by Carlyn Hambuba, Intern, CIVICUS Geneva Office
The world is still highly patriarchal, where men enjoy certain privileges and recognition unlike women. Women human rights defenders are not an exception to the patriarchal norm. Women human rights defenders actually face twofold harassment, first as defenders of human rights and secondly by virtue of them being women. Society still expects a woman not to be out-spoken. A woman is supposed to watch in the periphery as men make decisions, disagree, or worse even, mismanage economies or violate basic human rights.
When a woman breaks the cultural norm and becomes outspoken, she is labelled with a lot of undesirable names. If she dares try to champion the rights of others, she is ostracised.
During the 24th United Nations Human Rights Council (HRC) held on 9th -27th September, 2013, my lens for women’s rights was put to test. I sat as an observer looking out at how members of the council debated issues and adopted resolutions. I was also keen to note and record countries that appreciate the role of civil society in the HRC. Equally, I noted with dismay countries that are hostile to civil society participation in the HRC.
Some of the civil society organisations that made statements to the council raised despicable cases that tore my heart. The case of a Chinese human rights activist Cao Shunli raised by Human Rights Watch reminded me of the stark reality that women human rights defenders are faced with dual harassment, first as rights defenders and secondly as women.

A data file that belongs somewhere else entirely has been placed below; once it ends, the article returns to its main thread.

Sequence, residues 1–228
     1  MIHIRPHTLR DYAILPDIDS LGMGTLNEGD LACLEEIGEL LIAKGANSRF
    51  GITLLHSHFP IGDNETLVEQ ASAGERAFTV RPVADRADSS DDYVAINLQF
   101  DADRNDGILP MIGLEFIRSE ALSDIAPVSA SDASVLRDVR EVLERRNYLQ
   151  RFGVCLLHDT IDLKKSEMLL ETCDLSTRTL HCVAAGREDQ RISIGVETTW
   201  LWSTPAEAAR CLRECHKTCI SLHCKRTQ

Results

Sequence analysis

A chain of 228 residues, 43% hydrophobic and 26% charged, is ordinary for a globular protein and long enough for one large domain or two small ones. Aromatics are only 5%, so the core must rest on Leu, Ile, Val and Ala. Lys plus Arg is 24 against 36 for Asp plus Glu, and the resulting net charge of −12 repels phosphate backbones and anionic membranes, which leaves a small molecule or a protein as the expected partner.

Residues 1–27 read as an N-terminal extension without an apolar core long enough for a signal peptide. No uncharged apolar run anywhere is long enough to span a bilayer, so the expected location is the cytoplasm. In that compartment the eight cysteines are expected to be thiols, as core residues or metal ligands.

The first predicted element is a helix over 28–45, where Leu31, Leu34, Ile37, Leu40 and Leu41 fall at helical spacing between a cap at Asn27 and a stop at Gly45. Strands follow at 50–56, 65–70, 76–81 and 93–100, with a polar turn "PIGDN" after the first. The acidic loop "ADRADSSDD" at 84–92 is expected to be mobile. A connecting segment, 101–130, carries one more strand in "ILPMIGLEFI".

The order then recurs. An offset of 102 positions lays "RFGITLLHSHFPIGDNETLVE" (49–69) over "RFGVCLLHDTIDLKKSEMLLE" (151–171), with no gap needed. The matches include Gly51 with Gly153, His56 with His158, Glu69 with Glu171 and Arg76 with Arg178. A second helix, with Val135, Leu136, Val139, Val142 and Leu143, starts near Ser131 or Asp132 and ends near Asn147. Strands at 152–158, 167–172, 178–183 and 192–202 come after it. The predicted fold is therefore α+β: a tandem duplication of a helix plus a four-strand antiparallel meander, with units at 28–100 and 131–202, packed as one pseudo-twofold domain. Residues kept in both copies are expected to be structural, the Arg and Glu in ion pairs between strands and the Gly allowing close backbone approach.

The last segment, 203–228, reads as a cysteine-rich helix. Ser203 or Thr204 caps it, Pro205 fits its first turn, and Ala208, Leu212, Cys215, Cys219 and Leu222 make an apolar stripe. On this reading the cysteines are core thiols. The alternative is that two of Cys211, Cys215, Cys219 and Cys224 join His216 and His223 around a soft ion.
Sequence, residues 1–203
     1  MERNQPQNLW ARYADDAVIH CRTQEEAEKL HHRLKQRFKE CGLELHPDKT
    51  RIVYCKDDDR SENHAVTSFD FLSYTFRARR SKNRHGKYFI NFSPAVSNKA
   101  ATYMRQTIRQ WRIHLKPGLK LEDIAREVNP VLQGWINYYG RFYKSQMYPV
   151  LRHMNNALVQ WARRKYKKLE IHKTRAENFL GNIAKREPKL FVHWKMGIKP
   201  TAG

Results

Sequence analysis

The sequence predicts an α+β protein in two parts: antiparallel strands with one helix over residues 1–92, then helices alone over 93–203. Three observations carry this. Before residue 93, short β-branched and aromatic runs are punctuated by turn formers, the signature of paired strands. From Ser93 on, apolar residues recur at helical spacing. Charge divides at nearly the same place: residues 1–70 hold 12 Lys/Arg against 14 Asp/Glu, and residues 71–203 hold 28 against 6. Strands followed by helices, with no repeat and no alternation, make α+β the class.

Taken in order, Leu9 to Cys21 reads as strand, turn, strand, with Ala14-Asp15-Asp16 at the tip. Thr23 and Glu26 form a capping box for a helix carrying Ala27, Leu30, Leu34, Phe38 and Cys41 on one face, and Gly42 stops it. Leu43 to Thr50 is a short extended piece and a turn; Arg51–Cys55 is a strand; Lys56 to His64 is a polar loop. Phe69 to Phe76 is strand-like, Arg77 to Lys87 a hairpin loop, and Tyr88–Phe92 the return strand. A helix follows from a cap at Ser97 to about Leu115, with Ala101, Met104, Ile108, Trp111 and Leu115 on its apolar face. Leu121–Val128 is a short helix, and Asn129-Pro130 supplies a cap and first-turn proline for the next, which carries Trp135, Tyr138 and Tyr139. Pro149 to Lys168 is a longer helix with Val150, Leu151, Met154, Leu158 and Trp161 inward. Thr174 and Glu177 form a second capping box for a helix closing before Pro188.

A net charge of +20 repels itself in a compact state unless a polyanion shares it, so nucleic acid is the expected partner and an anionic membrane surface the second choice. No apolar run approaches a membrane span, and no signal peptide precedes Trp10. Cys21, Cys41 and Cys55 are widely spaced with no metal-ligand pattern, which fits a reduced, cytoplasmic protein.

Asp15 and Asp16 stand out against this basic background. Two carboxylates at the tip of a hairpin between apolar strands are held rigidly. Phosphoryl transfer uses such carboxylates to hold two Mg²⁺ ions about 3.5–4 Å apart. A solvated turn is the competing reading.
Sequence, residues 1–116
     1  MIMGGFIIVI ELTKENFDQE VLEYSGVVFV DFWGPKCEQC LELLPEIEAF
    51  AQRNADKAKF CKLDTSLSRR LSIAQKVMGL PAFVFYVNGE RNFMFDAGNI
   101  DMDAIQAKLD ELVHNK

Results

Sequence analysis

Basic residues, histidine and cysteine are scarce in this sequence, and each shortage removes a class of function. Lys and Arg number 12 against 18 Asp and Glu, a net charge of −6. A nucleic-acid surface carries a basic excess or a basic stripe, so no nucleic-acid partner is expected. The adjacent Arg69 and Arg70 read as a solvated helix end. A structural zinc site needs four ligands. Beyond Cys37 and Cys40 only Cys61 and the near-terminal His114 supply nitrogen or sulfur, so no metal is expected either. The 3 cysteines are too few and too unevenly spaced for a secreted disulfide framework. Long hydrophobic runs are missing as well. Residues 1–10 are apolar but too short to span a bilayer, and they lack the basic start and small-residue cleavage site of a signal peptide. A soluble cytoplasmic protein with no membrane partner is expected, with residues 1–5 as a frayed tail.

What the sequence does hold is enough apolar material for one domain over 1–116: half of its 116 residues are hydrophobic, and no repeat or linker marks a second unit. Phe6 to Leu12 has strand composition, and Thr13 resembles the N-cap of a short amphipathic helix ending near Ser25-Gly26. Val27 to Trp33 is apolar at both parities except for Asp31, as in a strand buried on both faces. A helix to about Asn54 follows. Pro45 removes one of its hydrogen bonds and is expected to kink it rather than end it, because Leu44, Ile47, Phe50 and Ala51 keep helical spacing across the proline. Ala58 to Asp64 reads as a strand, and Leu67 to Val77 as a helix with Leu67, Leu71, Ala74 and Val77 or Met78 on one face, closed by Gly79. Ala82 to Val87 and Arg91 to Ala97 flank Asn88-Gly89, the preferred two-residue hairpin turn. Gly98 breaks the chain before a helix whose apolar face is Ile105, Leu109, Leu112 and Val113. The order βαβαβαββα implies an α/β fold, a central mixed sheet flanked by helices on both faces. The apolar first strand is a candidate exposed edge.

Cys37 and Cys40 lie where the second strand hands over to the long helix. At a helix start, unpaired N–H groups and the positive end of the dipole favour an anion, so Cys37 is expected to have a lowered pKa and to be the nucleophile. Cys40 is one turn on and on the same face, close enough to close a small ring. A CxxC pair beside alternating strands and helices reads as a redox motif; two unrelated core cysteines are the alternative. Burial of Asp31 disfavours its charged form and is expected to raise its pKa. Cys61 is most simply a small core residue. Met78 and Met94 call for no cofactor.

Cao Shunli first disappeared on 14th September after she was stopped from boarding a flight to Switzerland where she was to attend a Human rights training. Her whereabouts were for some weeks not known until in the first week of October when authorities finally disclosed to her colleagues that she is being held at the Beijing First Prison. Although charges for her arrest have not been made public.
China is scheduled to have its next Universal Periodic Review (UPR) examination by the UN Human Rights Council on 22 October 2013. This presents an opportune time to put more pressure on the government of China to state its position on the arrest of Cao Shunli and to at least inform her immediate family members of her charges so that a suitable lawyer is engaged.
Cao Shunli is known for her campaigns for greater civil society involvement in China’s drafting of its reports for the Universal Period Review (UPR) and of its National Human Rights Action Plans since 2008.
While the HRC has committed to dealing with all cases of reprisals on human rights defenders, the case of Cao Shunli amounts to the worst form of reprisal that the HRC may have to deal with, so that in future, no other human rights defender will be barred by their government like Cao Shunli, to engage the Human Rights council or participate in any Human rights training.
Let us continue speaking for Cao Shunli, today it is she, tomorrow it may be you if you don’t speak out for her. Free Cao Shunli is my humble plea to the government of China.